SOME people think I’m a "writer," saying I’m validated as one being a “published” writer and all. I admit I love the flattery, but I cringe at the thought.

For me, “writers” are those in the league of novelists, published authors of books and publications you can find out there, in bookstores and in libraries, available for public consumption.

I still catch myself in awe whenever people (even strangers) come up to me and tell me they read my articles in this column.

But, really, are we not all writers? We all have our life stories – blank pages we write on every day, filled with events and everyday happenings that we just simply forget at day-end unless it’s something momentous – in a good or bad way. I think in that respect we differ in the way we "write."

Some of us think so hard and play many scenarios in our minds before we get to write them out: I’ll call them overthinkers. They play out a number of scenes in their heads before settling for one they think would pan out just right in their life stories. Beware if you’re an overthinker, you might be missing out on a lot of serendipitous surprises that tends to make life somewhat sweeter.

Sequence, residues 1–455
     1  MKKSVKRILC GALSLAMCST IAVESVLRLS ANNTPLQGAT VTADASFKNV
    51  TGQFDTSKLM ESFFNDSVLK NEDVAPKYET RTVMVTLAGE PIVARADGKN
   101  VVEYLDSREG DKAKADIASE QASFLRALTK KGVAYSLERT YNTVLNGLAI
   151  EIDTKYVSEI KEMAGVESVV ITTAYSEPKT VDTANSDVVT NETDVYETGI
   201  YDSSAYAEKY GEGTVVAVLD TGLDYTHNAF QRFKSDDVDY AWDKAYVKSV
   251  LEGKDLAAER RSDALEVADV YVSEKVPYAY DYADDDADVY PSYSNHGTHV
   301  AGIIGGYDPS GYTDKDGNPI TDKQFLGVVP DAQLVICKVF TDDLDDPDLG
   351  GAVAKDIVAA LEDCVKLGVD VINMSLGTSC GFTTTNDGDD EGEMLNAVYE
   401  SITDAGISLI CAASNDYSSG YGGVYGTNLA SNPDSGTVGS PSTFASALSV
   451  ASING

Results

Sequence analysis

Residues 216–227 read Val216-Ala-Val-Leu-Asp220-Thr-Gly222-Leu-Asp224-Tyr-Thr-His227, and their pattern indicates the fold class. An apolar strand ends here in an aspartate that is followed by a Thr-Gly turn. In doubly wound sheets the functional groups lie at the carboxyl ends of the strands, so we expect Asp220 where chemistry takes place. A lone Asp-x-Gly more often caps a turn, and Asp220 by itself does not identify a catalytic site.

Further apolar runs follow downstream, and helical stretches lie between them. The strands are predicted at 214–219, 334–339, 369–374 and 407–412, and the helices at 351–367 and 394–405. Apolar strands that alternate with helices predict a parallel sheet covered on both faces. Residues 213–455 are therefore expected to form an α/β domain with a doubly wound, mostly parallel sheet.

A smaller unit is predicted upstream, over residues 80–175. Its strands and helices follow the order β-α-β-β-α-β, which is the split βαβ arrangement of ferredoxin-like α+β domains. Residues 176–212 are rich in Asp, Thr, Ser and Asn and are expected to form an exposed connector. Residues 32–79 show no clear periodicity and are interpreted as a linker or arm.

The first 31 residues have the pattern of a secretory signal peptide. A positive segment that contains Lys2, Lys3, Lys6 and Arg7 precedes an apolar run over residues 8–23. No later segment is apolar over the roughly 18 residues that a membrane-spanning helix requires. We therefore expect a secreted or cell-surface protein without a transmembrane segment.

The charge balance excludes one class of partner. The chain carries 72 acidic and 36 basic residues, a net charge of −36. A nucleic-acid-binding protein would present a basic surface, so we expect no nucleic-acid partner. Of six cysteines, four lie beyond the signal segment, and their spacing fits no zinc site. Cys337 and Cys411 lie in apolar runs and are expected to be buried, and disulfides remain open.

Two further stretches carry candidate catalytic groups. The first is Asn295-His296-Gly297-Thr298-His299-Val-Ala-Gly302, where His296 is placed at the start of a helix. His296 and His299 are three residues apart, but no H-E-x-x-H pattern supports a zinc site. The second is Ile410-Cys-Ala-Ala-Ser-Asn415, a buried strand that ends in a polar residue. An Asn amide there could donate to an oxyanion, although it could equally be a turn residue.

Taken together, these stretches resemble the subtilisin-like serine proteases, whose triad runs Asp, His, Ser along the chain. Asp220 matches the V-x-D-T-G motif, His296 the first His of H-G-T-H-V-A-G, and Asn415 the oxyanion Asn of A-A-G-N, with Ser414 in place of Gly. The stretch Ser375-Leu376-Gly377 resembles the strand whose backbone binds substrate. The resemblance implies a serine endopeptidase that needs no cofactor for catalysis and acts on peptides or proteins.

Then there are those who just immediately write anything and everything at the spur of the moment – no prolonged thinking, no complex brain processing – they are the gamers, scrawling through the game of life, not really giving it much thought, thinking they could erase mistakes anyway.

Of course between extremes there is the temperate: to be able to distinguish between having to think hard, or just going with the flow; to carefully plan what to “write” when it comes to essential things in life, but just be spontaneous when the matter on hand is seemingly not that crucial. I guess that is the ideal type.

I love writing, but I don’t deem myself a “writer” in the technical sense of the word. I find in it a very effective de-stressing tool to get me through a week’s worth of strain. It was through writing that I was able to cope – to some degree – with the loss of loved-ones. It is through writing that I am able to share (or purge, more aptly) these thoughts in my oftentimes crowded mind.

In ending this chat I want to share this quote from Terri Main: “You are a writer. The "normal" ship has sailed without you long ago.”

As millenials put it, ‘nuff said.